At this point, I think demographics for the remaining races support Obama. Even in Ohio, I think Obama is likely to win by a small margin b/c I suspect it is similar to Missouri, except less southern, and thus, white voters will be more likely to vote for Obama. TX and PA are likely to go for clinton, but I doubt her margins in those states will be sufficient to give her victory.

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SN:

Assuming neither candidate drops out, it is virtually impossible that either can get to 2025 pledged delegates.

The point to bear in mind, however, is that if either candidate has a significant advantage in pledged delegates, that candidate is very likely to end up as the nominee. Politically, it will be extremely difficult for the super delegates -- i.e., the nominal leadership of the Democratic Party -- to deny the Party's nomination to the clear choice of the voters (indeed, it would be a political fiasco that would do grave damage to the Party, something that will be obvious to all concerned when the moment arrives). This is a delegate fight, but the goal at this point is not to amass 2025 delegates. The goal is to win a clear advantage among pledged delegates and thereby create a fait accompli. The super delegates and/or a "brokered" process will only come into play if the candidates remain in a virtual tie at the end of the primaries.

The main question at this point is whether the momentum Obama will generate from his likely wins during the remainder of February, his burgeoning cash advantage, and the additioanl time he will have to introduce himself to voters, will combine to overcome, or at least substantially diminish, the lead HRC now presumably has in Ohio, Texas, and Pennsylvania. If so, Obama wins. If, on the other hand, HRC ends up with numbers in those states like she had in Massachusetts and Tennessee, she might end up with a modest but adequate advantage.

Looking at the map, and at Obama's superior financial resources and intense grass-roots energy, I'd place the odds at this point at roughly 50% Obama, 25% HRC, and 25% a virtual tie among pledged delegates -- meaning that the super delegates or a brokered process would determine the nominee.

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RS:

@The person who said Giuliani didn't campaign until Florida:
Actually, Mayor Giuliani campaigned in New Hampshire, but finally switched to Florida-only when NH went south (!) He also campaigned in Florida for almost all January, with no other candidates to compete with him. But he eventually lost - because he had 4th-place finishes elsewhere and the "mo" was with McCain/Romney.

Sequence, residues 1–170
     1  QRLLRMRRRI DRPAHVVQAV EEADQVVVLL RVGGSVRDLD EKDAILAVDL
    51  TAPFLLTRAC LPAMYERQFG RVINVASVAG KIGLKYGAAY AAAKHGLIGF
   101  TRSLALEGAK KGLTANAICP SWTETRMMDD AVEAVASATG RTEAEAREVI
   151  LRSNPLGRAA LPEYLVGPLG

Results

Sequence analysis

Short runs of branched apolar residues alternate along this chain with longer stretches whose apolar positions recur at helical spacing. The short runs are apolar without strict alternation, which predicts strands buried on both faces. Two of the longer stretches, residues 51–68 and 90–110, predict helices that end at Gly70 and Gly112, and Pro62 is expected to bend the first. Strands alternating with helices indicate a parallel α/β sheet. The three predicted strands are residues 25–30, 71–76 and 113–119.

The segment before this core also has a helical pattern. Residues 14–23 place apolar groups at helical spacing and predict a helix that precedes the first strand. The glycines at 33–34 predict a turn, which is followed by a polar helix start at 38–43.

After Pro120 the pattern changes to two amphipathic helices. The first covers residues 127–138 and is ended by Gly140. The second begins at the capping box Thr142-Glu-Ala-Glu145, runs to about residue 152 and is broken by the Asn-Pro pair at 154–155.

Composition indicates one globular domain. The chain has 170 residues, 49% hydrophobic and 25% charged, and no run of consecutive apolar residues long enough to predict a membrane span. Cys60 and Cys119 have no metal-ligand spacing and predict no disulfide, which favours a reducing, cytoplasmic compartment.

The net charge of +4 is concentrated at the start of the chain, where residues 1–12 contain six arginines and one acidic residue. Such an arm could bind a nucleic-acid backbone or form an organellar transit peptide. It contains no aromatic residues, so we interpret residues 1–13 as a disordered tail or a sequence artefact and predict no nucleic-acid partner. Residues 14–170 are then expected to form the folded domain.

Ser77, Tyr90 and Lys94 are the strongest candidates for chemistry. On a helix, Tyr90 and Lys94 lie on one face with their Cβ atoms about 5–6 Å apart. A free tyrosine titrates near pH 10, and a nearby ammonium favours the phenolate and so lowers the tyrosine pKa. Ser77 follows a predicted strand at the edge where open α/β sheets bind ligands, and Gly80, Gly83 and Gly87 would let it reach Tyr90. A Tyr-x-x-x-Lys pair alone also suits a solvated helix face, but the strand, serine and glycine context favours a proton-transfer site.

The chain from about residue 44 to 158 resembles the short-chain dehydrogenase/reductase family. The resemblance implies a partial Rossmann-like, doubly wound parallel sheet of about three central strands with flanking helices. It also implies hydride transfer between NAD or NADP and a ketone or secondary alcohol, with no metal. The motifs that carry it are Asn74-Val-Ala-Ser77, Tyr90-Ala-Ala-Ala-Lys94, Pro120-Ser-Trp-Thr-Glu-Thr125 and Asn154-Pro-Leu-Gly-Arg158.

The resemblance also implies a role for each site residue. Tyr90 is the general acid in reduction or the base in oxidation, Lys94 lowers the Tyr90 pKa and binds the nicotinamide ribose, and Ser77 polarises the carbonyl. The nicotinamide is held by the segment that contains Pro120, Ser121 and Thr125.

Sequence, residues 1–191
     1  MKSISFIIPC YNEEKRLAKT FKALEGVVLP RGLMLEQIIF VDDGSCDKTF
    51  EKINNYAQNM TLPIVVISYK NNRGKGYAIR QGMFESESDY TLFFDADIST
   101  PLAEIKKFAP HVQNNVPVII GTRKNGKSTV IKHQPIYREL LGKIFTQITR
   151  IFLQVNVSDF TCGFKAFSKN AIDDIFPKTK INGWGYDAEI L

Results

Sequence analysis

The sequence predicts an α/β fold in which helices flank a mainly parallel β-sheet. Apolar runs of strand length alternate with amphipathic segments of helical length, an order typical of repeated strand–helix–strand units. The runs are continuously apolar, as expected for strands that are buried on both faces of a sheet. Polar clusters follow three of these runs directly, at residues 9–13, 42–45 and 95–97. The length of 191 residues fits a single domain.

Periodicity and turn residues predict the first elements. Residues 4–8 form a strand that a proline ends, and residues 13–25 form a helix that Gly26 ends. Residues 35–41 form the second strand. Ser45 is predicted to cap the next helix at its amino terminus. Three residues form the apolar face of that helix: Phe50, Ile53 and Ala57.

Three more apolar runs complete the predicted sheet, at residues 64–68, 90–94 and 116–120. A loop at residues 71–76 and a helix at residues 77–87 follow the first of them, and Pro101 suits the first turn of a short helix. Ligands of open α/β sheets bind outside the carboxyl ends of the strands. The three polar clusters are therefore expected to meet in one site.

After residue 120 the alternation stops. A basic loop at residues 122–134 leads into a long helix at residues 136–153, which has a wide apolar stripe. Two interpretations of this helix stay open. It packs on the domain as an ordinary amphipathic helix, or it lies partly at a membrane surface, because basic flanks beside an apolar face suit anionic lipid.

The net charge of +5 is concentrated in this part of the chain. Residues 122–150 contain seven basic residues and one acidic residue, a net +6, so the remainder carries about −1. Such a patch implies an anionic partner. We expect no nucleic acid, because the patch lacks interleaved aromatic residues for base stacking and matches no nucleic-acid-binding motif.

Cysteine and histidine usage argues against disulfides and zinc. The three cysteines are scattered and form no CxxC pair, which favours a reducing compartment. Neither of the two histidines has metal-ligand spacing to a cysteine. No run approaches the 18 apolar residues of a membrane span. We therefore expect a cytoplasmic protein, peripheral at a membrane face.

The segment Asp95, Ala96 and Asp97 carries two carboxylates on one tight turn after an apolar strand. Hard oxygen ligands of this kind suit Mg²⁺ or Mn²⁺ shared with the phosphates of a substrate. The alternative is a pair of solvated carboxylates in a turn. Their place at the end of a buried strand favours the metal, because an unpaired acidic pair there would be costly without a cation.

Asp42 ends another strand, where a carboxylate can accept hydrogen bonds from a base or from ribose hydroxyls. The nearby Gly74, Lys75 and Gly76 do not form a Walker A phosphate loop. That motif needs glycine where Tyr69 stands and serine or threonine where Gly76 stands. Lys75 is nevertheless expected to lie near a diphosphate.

But one point is correct - it doesn't make sense for Senator Clinton to completely give up on the contests before TX/OH, because she will get delegates, which will be crucial.

Rumor: MI and FL are being asked to hold caucuses again between Feb and June...
http://ap.google.com/article/ALeqM5igrYLRrHG3P6lIbs2E7pSH0bxhvgD8UL2C384

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ca-ind:

No matter how u Obama junkies spin it, u are not going to get enough total delegates which also inclides Sup. Delegates.
Becasue remaining Dem primaries are going to split approx 50-50 in total. That is NOT going to put BHO over the top.
BUT When ur brain is on dope, u can't do Math!

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Johnny5:

One of the more troubling things with this site becoming more popular is the drivel of extreme partisanship that has been growing in the comments section. I know that it is not really preventable on the web, but perhaps we can try to ostracize idiocy and blindness to fair discussion.

I'm an Obama supporter, so apparently I smoke dope. I probably sling it also right? and I listen to rap and don't want to work or be responsible.

Its ok ca-ind, the rest of us are working hard to create a society where your prejudices will no longer be tolerated. Perhaps you'd like to move to a country more in line with your intellectual and prejudicial philosophy...maybe you can sign up to be an oppressive military police-person in a dictatorship or something. Regardless, we look forward to you leaving us - you are fighting a losing cultural battle I'm happy to report. Your kids won't agree with you.

Thanks everyone above for the interesting dialog and questions! This site is phenomenal. Thanks ca-ind for showing us whom we don't want to hear from. In the future I'll just ignore comments like that as I gather that might be the better tactic.

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Tony:

Yo exhibit the prejudice that you condemn. I am an African-American supporting Clinton, and I have to tell you that Obama and his supporters do not have a monopoly on "fighting a cultural battle." In fact, I have heard all types of prejudice coming from his camp, particularly subtle age discrimination, blatant sexism, and unfair labeling of Latinos as racists. The Obama generation is not inevitably progressive; nor are Clinton's supporters. So I encourage you and Ca-Ind not to make such generalizations.

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Matthew W:

@rowjimmy - I believe there are 589 delegates in play up until March 4 if you include the superdelegates for each state, and I think there is a good argument that superdelegates will go with whoever wins their state.